Interest income fluctuates as our cash equivalents and short-term investment balances change and applicable interest rates increase or decrease. The decrease in interest income for the six months ended June 30, 2009 compared to the six months ended June 30, 2008 was due primarily to lower interest rates earned on lower average balances. The lower interest rates were primarily attributable to overall decreases in market interest rates combined with maintaining higher money market account balances yielding lower interest rates as we decreased our short-term investments positions. The lower average balances were primarily attributable to the repurchase of shares of our common stock for approximately $17.4 million in April 2008 and cash used in our operating activities as a result of the losses incurred since June 30, 2008.

Other income (expense), net

Other income (expense), net consists of non-operating items.

 

     Six Months Ended
June 30,
   Increase
(Decrease)
    Percent
Change
 
     2009    2008     
     (In thousands)  

Other income (expense), net

   $ 1    $ 74    $ (73   (98.2 )% 

Other income for the six months ended June 30, 2008 relates primarily to realized gains on our short term investments.

 

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LIQUIDITY AND CAPITAL RESOURCES

Our principal sources of liquidity for 2009 are our cash, cash equivalents and short-term investments. As of June 30, 2009, we had cash, cash equivalents and short-term investments at fair value of $44.8 million and no bank debt, line of credit or equipment facilities.

Operating activities

Our operating activities used cash in the amount of $3.9 and $7.1 million in the six months ended June 30, 2009 and 2008, respectively. Cash used in the six months ended June 30, 2009 resulted primarily from a net loss $10.0 million partially offset by $1.3 million of depreciation and amortization and $2.1 million of non-cash stock-based compensation expense. Cash used in the six months ended June 30, 2008 resulted primarily from a net loss of $8.9 million and the payment of $3.55 million litigation settlement partially offset by $1.4 million of depreciation and amortization and $1.9 million of non-cash stock-based compensation expense.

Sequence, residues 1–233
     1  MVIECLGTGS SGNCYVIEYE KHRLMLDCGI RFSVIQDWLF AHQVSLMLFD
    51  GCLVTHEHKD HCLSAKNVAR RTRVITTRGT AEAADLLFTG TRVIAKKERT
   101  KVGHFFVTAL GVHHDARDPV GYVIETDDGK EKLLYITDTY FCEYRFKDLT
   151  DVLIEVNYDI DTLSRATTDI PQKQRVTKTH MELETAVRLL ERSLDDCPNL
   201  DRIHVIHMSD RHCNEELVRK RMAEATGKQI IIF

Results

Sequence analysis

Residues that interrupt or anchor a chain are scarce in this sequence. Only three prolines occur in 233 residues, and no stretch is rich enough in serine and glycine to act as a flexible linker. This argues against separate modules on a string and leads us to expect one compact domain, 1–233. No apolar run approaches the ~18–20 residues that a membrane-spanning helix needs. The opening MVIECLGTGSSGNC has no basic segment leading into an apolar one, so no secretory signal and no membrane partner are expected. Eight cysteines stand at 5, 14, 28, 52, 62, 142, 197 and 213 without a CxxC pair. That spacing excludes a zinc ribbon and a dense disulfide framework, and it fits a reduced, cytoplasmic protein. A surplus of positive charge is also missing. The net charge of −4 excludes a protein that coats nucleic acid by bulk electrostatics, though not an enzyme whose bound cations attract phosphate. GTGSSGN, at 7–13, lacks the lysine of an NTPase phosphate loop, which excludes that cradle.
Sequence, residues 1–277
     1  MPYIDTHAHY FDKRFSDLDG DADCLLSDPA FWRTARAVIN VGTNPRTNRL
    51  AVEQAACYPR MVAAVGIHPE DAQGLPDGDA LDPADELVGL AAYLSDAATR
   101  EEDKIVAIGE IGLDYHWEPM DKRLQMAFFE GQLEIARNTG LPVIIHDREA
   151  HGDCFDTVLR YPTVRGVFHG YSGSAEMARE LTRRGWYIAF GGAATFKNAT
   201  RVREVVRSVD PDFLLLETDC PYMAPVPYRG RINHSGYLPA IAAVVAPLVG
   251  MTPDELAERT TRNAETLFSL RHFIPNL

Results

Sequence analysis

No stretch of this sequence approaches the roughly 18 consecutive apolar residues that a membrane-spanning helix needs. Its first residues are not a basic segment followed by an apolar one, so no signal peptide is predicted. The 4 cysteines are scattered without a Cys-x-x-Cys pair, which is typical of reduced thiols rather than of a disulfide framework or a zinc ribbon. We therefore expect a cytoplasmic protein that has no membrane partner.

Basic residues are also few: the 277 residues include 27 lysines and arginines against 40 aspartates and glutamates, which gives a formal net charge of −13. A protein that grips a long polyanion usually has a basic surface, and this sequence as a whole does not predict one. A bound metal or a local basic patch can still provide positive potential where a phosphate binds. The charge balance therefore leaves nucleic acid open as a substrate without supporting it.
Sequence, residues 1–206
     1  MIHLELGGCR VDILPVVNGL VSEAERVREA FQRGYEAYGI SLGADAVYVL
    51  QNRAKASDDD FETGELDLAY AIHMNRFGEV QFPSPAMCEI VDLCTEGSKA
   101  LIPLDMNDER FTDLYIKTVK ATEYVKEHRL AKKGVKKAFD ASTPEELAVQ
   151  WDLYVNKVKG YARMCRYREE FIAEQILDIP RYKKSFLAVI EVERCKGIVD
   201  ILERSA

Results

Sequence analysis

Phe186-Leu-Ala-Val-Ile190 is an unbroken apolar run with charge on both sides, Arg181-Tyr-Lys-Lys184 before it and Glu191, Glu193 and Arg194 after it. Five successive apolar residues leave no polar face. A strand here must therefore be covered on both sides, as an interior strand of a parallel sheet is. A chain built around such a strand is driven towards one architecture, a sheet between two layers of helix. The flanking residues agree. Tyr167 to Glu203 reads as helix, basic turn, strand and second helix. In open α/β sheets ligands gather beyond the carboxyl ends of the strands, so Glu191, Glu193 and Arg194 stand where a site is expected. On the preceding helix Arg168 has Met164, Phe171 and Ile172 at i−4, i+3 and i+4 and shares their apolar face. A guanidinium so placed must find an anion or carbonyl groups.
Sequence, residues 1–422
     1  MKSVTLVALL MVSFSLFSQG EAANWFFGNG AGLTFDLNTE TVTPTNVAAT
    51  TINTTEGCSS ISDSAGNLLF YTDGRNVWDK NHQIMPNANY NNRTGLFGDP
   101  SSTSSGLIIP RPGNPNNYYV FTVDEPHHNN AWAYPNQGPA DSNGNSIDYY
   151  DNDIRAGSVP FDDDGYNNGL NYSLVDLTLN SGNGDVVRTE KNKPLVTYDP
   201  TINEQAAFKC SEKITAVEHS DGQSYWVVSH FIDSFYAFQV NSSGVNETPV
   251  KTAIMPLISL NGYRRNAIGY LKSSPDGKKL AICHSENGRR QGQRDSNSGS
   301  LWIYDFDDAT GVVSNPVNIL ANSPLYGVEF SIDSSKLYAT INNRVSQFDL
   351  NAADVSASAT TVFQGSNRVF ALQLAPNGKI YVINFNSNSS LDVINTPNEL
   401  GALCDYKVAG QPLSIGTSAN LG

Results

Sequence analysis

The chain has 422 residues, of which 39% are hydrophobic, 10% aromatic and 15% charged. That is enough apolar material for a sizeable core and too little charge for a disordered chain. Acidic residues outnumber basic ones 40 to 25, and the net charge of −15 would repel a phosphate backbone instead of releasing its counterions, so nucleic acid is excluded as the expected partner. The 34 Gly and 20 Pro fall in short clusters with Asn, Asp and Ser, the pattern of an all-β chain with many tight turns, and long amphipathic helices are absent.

Our primary source of operating cash flow is the collection of our net commission revenues offset by cash payments for ZipAgent costs: commissions, payroll taxes, benefits, award programs and expense reimbursements, as well as for product development, sales and marketing and general and administrative costs including employee compensation, benefits, client acquisition costs and other operating expenses. Due to the structure of our commission arrangements, our accounts receivable are settled in cash on a short-term basis and our accounts receivable balances at period end have historically been significantly less than one month’s net revenues.

Investing activities

Our investing activities provided cash of $20.7 million and $33.4 million in the six months ended June 30, 2009 and 2008, respectively. Cash provided for in the six months ended June 30, 2009 primarily represents the proceeds from the sale and maturity of short-term investments of $21.4 million less the purchase of property and equipment, including amounts for website development and internal use software. Cash provided for the six months ended June 30, 2008 represent the net proceeds from the sales and purchases of short-term investments of $34.3 million less the purchase of property and equipment, including amounts for website development and internal use software.

We typically maintain a minimum amount of cash and cash equivalents for operational purposes and invest the remaining amount of our cash in investment grade, highly liquid interest-bearing securities which allows for flexibility in the event our cash needs change. Due to current economic conditions we have retained proceeds from maturing short-term investments in money market securities and as a result our cash and cash equivalent balances have increased by approximately $16.8 million at June 30, 2009 from December 31, 2008.

Currently, we expect our remaining 2009 capital expenditures to be approximately $1.1 million primarily attributable to amounts capitalized for internal-use software and website development as well as expenditures for increased server capacity and new market expansion leasehold improvements, furniture and computer equipment. In the future, our ability to make significant capital investments may depend on our ability to generate cash flow from operations and to obtain adequate financing, if necessary and available.

Financing activities

Proceeds from our financing activities were not significant in the six months ended June 30, 2009 and 2008, respectively. Sources of cash from financing activities primarily represented the proceeds from stock option exercises.

As of June 30, 2009, we had one warrant outstanding for the purchase of an aggregate of 3,284 shares of our common stock at an exercise price of $18.27 per share; that warrant is currently exercisable at the option of the holder.

Future needs